I'm not sure who's being misunderstood, who's lacking context, or what "margins seep into the whiteness" means (maybe a Sarah McLachlan lyric?) What I do know is that the above block of text is very, very funny. I encourage comedians everywhere to explain themselves more. Based on the media's fixation with this story, it seems like a sure way to up your Klout score. HILARIOUS
Photo via Flickr User Bob B. Brown
-Paula Deen's restaurant Uncle Bubba's Oyster House closed its doors after 10 gut-busting years of serving the citizens of Savannah, Georgia. Uncle Bubba's was at the center of the lawsuit that destroyed Deen's reputation as a health-conscious, considerate southern granny. Now, the world knows Paula Deen enjoys casually using the n-word, which potentially led to the shuttering of Uncle Bubba's. I give this a 7, only because I wish I could have eaten there before it closed.
-Speaking of comedy, below is a major missed opportunity for artistic synergy from Nick Cannon:
— America's Got Talent (@nbcagt) April 2, 2014
Instead of "Game face on," what if it said "White face on," and Nick resurrected his Connor Smallnut character? The answer is we'd probably all be begging him to run for President of Comedy right now, but he chose the wrong path and "dropped the ball"—pun intended, obviously. Nick Cannon can really do nothing right! 2
-And finally, In order to really sell this article and take my own advice, I guess I should explain myself too:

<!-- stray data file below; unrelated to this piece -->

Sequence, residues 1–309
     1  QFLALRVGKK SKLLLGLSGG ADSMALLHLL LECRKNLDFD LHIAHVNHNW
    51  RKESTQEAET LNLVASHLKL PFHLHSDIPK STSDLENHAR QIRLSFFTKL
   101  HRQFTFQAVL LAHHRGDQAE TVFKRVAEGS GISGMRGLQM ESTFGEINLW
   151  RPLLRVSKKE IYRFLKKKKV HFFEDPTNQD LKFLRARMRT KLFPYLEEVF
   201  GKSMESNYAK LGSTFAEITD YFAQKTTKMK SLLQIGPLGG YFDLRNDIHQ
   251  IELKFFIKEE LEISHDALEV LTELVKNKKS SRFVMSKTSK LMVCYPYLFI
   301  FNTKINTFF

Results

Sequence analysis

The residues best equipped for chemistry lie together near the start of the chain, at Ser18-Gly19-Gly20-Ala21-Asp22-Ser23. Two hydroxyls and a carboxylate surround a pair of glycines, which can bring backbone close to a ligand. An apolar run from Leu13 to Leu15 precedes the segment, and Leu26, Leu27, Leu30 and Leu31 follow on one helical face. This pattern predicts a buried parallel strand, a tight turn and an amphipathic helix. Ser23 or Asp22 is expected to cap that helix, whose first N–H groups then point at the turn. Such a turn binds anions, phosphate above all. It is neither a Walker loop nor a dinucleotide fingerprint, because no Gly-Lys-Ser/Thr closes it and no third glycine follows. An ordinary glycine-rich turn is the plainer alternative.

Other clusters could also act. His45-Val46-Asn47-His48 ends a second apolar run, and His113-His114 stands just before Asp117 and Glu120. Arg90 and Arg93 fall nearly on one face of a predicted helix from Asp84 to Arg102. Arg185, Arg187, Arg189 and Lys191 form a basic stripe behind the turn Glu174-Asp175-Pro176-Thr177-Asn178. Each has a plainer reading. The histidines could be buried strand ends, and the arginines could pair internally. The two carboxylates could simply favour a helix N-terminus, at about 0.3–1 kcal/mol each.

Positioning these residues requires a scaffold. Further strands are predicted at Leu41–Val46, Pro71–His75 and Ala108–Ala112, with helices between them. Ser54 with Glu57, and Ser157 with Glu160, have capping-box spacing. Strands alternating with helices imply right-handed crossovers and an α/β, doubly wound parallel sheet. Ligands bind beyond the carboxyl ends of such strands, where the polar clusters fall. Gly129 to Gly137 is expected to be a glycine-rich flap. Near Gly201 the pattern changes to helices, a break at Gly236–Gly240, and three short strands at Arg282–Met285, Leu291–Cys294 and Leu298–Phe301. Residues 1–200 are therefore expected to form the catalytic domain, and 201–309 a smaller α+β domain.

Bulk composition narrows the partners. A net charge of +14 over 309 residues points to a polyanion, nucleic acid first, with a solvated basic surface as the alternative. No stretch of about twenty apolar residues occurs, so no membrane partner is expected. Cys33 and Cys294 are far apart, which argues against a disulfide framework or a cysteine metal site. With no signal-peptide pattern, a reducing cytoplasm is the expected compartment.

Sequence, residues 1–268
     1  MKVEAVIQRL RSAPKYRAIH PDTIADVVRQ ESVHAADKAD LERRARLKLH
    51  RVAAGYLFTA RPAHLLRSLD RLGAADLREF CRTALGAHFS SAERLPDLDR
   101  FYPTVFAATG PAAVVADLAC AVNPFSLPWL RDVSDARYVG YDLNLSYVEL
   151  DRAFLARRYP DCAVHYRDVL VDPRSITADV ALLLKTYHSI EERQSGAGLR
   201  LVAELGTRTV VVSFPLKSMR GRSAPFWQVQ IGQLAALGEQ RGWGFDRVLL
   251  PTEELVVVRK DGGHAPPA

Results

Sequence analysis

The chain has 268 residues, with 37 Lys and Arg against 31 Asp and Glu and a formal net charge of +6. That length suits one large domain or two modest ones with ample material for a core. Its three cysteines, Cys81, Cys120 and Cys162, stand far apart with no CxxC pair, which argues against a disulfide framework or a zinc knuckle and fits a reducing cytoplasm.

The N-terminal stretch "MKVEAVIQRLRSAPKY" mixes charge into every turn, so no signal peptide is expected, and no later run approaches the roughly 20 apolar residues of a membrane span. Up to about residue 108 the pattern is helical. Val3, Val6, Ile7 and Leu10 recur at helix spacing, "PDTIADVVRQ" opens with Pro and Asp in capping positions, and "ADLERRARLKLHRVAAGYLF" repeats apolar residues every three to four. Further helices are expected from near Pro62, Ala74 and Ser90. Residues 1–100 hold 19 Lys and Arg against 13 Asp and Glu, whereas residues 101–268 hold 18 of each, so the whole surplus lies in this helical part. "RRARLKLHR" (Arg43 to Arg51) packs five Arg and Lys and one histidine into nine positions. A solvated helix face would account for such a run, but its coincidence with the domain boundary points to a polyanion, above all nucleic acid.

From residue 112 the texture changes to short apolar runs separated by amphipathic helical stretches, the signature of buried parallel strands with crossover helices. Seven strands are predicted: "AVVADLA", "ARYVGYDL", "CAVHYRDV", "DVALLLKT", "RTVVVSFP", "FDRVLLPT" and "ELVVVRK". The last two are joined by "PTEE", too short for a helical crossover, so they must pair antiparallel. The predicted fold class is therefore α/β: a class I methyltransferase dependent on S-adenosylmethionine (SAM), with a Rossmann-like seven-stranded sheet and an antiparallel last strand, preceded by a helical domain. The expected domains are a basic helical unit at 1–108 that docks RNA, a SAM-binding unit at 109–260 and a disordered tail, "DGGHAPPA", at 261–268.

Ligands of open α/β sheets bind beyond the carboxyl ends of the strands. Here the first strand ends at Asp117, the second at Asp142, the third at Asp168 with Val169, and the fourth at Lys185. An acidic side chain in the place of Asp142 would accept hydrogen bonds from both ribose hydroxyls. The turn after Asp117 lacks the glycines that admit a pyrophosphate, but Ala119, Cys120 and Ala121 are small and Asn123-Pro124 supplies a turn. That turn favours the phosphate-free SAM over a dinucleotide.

I googled "racist jokes" just for fun today and found a site called "Niggermania." It is, as you would expect, a treasure trove of awful shit. These are jokes that don't have to be explained, because the meaning is pretty fucking clear. The same is true of the knuckledragging comments from the boys at Top Gear regarding Asians, Mexicans, and Romanians. These jokes are just not funny, and they are not funny because they are blatantly racist.
Humor is one of the only tools at the disposal of civilized people. Global warming is real, the worldwide economy is stubbornly stagnant, corporations are "people" now, and one day I am going to die and someone will applaud just because of the color of my skin. Maybe I should be allowed to laugh at it all without also getting a critical theory lecture at the same time? If all our society ever does is constantly explain everything, then why even bother trying to be subtle? Subtlety separates that which is creative from that which is purely didactic. If all you want to do is tell the world how you fit within the socio-economic context of 21st century-American patriarchy, then stop calling yourself a comedian. Does that mean comics can't be political? Certainly not. Any artist can be political if they so choose, but art is not the same as criticism, and it never will be. NOT FUNNY